To see

Well, just look around your inn. It should be a couple hundred years old, with a huge thatched roof that is replaced every five years. Then wander around and look at all the other great farmhouses in the town. Locals are used to this and, although they are not museums, you may be invited to walk in and look around several buildings. They are proud of their heritage and welcome the modest tourism revenues it brings in. One of the largest houses has been turned into an interesting open-air museum. If you're here in the springtime you may get to watch a communal effort of re-thatching a house or two.

One of the best houses was removed years ago to Takayama to become the nucleus of the Hida Folk Museum. By the way, the "gassho" praying posture used in Asia ('wai', in Thailand) has the fingertips together, but the palms held apart by touching thumb tips; this gives you a better idea of the "steeple" shape that the houses resemble.

On the south side of the village is a nice local shrine, in traditional (un-sinocized) Japanese style, and its pleasant grounds. Just north of town is a hill that you can climb or drive to for a very nice overview of the village, surrounded by green fields, green forests, and the Shogawa River. Other than that, there is not much else to see in the town, but it is still a nice place to just stroll around leisurely, or wander off into the hills or countryside. It took long enough to get here, so why not just kick back for a couple of days?

Image 515   Image 517


Image 516


Image 518   Image 519



About 25 kilometers south of Shirakawa, you can turn west at Hirase and drive several more kilometers up a road to see the Shimizu-no-taki waterfall. It falls over 200 feet and the pictures of it look pretty good, anyway. If you have a car, you could stop by there on your way.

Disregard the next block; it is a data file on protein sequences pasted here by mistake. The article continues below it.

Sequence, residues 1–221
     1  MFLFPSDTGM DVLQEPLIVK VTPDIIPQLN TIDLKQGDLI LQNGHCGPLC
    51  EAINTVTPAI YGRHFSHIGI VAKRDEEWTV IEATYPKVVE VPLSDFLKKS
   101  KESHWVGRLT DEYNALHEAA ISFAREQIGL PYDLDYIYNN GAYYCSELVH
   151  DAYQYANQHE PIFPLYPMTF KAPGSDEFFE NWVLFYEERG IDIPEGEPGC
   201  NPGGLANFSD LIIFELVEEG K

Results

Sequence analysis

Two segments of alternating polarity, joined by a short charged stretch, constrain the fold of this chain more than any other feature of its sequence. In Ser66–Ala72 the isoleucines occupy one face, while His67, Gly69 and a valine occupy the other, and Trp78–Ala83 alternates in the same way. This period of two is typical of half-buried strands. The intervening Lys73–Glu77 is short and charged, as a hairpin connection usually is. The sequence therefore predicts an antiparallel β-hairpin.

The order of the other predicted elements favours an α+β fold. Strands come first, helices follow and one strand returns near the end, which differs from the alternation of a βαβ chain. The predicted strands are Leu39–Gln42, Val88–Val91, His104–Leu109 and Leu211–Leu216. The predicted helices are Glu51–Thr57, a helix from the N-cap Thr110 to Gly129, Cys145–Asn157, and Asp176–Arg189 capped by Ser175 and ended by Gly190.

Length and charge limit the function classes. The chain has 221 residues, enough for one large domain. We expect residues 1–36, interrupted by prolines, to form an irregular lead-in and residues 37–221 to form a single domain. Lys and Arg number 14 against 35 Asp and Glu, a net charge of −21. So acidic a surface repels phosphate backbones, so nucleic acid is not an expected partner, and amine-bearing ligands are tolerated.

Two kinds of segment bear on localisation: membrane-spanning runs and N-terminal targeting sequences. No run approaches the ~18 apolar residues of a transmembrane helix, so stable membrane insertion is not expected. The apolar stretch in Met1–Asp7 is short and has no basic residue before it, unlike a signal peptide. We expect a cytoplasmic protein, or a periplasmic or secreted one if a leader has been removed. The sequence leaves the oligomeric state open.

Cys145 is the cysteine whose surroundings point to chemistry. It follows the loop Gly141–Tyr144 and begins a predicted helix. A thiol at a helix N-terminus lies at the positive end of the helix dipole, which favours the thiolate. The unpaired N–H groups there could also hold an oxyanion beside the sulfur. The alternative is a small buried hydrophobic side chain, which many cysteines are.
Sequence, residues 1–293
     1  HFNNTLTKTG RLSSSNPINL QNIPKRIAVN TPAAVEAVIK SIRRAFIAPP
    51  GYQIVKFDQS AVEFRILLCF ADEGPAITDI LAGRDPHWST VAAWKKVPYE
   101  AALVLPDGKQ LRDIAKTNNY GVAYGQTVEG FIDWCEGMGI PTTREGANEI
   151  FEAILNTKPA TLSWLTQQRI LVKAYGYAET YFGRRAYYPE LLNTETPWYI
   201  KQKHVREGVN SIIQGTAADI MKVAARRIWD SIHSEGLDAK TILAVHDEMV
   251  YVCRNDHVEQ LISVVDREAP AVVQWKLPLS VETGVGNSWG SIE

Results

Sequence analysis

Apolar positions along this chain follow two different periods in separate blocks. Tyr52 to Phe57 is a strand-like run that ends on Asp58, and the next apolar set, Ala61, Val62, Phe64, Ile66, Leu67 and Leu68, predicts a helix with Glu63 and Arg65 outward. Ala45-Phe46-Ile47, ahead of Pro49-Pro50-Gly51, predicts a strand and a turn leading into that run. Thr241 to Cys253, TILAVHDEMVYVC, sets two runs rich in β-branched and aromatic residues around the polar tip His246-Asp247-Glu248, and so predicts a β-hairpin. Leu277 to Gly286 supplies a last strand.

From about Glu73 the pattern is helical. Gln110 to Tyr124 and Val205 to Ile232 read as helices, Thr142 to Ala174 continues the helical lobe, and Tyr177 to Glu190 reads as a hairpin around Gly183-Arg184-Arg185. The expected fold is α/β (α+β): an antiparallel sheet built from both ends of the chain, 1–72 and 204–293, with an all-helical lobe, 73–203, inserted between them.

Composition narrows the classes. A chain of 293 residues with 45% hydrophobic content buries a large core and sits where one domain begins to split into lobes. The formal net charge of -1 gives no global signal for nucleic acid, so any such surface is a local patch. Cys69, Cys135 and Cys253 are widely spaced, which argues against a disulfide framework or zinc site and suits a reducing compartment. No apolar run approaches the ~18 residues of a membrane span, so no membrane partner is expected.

Very near Hirase, but off a different road to the west, is a solitary hot-spring inn with traditional wooden tubs. I know because I saw this photo in the brochure; and there are also pretty young women in these wooden tubs happily pouring sake for each other, and they have "delicious mountain vegetable and river fish cuisine". Is it really a nice place, or just another roadside attraction? Who knows (this isn't a professional guide), but if you have a car, you could drive down and ask if you can pay just to take a bath. Then you could check the place out, and see if it might be nice to stay there later. I think it's just called Hirase Onsen (平瀬温泉). There are several onsen in this town.


Staying

At least a dozen of the special old farm houses are set up for taking in lodgers, and operate like minshuku. Since all the houses take one or two days off per week and some don't do business in the low seasons, the best thing to do is to ask at the Shirakawa-go Association right on the main road, which acts as a tourist information office, lodging agent, and external liaison. In fact, the families prefer that you deal with the association, who will set you up with the right place. But you can bet it will be a very old "gassho-zukuri" farmhouse - that's all they have. Their phone number is just below.

The prices are reasonable minshuku rates, and the facilities are basic-to-crude, befitting such historical buildings - but always very clean. They have small bath and toilet facilities, and there is electricity and maybe even a space heater in your room. The few rooms are small and distributed up steep stairs on various floors. In the morning and evening, you eat your meal in the communal dining room, which is the same as the communal living room, which is the big open "hearth" room on the bottom floor. Here you sit on the tatami mats around the old fire pit and your meal is served on trays before you.

Part of the service is for someone in the family of the house to spend a little time after dinner talking about the town, history, house construction and what life was like here 50 or 100 years ago. This can easily become an interesting round-table discussion where the guests also get to know each other, and it is not unheard of to order a few bottles of beer or sake before the questions trail off. Well, that's how I remember it, anyway. As I recall, some of the inns have video tape machines where they also show an informative video created by the Shirakawa-go Association.

To reserve ahead of time, or for other tourism information call the Shirakawa-go Kanko Kyokai (Tourism Association) at 05769-6-1013 or 05769-6-1751; don't expect any English, but you never know. Or check the link section for a list of accommodations.